Sen. Shelby showing leadership in crisis
Sen. Richard Shelby broke his silence on runaway government spending last week at a time when someone in Congress with his stature needed to get Washington's attention.
To pay for the massive hurricane damage from Katrina and what is sure to be more from Rita, the Tuscaloosa Republican is calling for at least a one-year deferment in spending money from the massive transportation bill passed in August.
Congress spread spending in the $286 billion bill over six years. The senator says he is willing to delay some of those projects earmarked for Alabama to help stop the hemorrhaging budget. That, of course, is predicated on his peers agreeing to halt spending in their states, too.
The transportation act is a good place to delay spending. Its pet pork projects are worth more than $24 billion and go to Democrats as well as Republicans.
Why can't Congress delay the $2.3 billion for beautification of the Ronald Reagan Freeway in California?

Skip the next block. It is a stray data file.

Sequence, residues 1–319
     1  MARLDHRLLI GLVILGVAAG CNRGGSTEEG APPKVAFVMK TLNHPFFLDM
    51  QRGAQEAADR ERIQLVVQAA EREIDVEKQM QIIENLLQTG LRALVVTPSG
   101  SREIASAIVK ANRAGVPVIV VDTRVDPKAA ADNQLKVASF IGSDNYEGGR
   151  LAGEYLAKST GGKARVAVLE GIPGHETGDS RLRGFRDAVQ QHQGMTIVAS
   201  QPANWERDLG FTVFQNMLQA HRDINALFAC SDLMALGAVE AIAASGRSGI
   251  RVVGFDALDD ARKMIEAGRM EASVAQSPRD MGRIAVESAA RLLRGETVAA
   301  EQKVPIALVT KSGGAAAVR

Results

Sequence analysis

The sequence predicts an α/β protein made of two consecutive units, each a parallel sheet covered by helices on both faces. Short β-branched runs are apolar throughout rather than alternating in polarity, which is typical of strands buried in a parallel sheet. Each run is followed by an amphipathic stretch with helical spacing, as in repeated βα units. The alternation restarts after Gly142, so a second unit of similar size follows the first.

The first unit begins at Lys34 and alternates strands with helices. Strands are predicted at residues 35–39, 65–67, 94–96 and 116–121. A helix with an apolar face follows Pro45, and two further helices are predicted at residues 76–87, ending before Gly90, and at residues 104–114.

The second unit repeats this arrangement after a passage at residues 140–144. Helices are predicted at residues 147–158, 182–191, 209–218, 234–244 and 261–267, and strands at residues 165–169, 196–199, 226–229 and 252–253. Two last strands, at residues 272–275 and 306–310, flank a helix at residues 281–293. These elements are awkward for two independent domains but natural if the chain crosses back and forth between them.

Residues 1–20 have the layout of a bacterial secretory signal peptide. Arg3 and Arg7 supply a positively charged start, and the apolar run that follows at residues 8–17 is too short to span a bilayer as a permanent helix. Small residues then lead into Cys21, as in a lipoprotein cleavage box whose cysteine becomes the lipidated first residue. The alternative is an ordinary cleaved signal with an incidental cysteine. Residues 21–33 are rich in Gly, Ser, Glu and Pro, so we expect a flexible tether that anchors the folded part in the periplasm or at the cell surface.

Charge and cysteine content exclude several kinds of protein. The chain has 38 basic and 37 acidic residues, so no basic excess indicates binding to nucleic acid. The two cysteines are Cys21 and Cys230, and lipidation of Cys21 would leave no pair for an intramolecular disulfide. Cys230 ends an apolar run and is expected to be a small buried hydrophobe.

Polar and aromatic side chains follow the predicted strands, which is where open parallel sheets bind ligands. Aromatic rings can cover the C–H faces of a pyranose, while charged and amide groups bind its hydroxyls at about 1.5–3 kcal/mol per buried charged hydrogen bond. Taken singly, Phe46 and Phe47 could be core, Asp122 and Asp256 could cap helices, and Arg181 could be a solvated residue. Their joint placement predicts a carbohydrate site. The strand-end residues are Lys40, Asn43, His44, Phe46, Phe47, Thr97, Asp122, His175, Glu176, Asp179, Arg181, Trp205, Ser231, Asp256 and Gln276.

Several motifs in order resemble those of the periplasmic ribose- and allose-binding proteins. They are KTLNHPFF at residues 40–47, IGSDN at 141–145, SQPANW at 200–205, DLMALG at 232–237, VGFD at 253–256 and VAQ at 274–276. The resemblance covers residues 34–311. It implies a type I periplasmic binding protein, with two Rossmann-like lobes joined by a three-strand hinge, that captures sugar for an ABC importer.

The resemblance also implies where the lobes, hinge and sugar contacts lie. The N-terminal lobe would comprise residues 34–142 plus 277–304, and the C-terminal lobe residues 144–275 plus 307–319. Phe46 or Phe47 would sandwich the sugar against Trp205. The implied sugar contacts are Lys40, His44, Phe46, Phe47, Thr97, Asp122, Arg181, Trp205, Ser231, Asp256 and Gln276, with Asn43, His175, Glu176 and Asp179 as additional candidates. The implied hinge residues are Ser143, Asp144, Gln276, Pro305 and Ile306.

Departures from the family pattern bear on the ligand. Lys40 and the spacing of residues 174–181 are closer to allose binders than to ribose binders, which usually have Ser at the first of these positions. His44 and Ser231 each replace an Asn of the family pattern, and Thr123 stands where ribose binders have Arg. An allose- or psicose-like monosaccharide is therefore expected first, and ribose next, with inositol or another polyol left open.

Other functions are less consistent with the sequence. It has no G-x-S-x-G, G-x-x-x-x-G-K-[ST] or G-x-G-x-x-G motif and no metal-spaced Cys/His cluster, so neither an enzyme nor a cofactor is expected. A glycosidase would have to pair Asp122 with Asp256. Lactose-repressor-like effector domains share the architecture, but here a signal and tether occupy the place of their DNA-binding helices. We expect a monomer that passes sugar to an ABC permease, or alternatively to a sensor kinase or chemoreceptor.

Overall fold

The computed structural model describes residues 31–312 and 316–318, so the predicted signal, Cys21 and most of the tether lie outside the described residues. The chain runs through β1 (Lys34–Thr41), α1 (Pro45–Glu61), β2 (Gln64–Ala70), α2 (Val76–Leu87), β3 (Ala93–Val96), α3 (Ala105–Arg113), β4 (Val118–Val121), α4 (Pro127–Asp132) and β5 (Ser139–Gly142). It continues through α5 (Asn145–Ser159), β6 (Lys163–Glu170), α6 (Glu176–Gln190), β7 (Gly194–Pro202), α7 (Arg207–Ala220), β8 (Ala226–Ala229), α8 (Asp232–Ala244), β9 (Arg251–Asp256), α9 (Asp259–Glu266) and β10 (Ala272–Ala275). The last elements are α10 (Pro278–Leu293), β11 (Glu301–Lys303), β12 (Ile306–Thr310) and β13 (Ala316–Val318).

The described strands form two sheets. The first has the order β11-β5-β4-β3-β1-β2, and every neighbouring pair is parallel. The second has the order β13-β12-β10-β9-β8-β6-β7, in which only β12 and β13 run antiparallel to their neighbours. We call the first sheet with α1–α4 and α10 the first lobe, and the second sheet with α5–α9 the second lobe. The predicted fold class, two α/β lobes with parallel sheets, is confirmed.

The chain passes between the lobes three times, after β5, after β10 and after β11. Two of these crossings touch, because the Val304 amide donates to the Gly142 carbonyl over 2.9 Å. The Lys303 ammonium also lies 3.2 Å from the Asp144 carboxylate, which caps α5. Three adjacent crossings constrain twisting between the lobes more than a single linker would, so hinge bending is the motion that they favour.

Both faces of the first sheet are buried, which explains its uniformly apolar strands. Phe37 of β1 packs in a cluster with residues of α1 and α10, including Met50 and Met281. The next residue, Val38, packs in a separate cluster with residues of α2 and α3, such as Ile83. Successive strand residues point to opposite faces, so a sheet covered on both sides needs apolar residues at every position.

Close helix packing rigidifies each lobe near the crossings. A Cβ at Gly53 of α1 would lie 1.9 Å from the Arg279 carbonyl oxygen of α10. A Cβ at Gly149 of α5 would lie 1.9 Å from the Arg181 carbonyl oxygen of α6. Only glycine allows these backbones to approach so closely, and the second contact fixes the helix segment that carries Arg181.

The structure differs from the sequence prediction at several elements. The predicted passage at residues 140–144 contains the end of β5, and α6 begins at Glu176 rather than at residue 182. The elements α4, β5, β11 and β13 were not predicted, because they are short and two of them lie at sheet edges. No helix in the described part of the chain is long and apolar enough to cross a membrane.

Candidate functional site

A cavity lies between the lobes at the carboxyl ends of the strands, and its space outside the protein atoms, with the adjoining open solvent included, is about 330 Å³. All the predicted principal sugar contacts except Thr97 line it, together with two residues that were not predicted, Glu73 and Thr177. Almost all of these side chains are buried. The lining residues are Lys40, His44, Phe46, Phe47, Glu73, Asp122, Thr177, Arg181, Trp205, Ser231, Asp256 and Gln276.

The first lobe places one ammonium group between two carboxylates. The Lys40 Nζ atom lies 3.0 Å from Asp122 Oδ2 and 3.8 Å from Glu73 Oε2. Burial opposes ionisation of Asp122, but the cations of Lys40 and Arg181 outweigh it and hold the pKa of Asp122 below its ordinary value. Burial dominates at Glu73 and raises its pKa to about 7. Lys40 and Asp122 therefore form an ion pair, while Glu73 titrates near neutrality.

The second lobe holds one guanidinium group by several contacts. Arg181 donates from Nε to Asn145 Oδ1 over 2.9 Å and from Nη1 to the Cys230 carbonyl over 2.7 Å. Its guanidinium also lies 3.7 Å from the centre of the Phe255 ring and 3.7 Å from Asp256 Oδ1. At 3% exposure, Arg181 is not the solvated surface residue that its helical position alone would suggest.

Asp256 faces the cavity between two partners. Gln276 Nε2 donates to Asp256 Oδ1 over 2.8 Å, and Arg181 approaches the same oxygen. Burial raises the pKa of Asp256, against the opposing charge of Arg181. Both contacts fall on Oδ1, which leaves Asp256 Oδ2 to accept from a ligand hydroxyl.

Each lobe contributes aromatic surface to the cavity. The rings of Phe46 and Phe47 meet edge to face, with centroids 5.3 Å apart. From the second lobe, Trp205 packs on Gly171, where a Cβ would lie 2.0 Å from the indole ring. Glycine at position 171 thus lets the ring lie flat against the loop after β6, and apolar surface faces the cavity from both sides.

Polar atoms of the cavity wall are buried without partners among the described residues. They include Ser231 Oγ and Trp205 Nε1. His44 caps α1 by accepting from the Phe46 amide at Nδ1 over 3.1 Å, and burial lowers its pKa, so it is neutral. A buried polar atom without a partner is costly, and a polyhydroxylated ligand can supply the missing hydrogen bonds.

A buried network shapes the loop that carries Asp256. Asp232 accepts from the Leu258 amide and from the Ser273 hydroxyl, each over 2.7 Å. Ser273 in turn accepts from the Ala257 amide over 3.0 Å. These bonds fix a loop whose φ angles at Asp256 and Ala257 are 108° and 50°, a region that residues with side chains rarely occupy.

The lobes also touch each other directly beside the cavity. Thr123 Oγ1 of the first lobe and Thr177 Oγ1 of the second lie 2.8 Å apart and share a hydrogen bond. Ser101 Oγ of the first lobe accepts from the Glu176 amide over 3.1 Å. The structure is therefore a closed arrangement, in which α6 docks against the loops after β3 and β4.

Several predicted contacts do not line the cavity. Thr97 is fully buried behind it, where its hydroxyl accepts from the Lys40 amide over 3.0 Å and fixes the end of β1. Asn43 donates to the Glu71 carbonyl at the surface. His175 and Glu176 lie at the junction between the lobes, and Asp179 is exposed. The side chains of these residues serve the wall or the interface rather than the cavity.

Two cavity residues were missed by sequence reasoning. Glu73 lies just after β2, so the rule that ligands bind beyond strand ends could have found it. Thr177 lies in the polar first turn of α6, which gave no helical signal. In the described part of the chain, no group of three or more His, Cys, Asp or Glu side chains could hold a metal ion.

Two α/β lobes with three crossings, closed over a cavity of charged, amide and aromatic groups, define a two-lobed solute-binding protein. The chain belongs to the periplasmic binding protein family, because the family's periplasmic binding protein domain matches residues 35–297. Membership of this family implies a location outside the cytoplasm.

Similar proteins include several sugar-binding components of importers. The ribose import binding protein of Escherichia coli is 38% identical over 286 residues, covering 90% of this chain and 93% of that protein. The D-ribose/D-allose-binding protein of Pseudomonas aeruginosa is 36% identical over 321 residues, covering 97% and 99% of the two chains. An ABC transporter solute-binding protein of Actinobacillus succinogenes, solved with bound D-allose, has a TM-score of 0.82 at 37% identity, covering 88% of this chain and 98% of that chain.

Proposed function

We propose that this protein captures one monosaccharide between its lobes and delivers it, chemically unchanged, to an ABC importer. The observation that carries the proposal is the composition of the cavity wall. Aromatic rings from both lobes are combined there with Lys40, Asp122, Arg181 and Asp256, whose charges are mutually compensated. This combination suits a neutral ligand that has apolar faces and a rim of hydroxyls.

And New York City can delay or eliminate its $6 million for graffiti removal without anyone hardly taking notice.
Doing that might get Congress to looking seriously at the prescription drug program, too. The Centers for Medicare and Medicaid Services is getting ready for mass enrollment of senior citizens in the controversial drug coverage program that will cost some $400 billion over 10 years.
Why not delay or scrap the program that is to begin in January because its costs far outweigh the benefits and it will help too few people?
The senator, as a member of the Appropriations Committee, may have finally broken through the political stalemate on where Congress is willing to cut. Because transportation spending is discretionary, it is about as bi-partisan as Congress can be expected to be.
"You could defer just about everything," he said, of projects in the transportation bill.
It's going to take bold leadership in Congress to overcome the deficit that is rising about $75 million an hour.
Americans are truly concerned about spending. They want the free-wheeling stopped.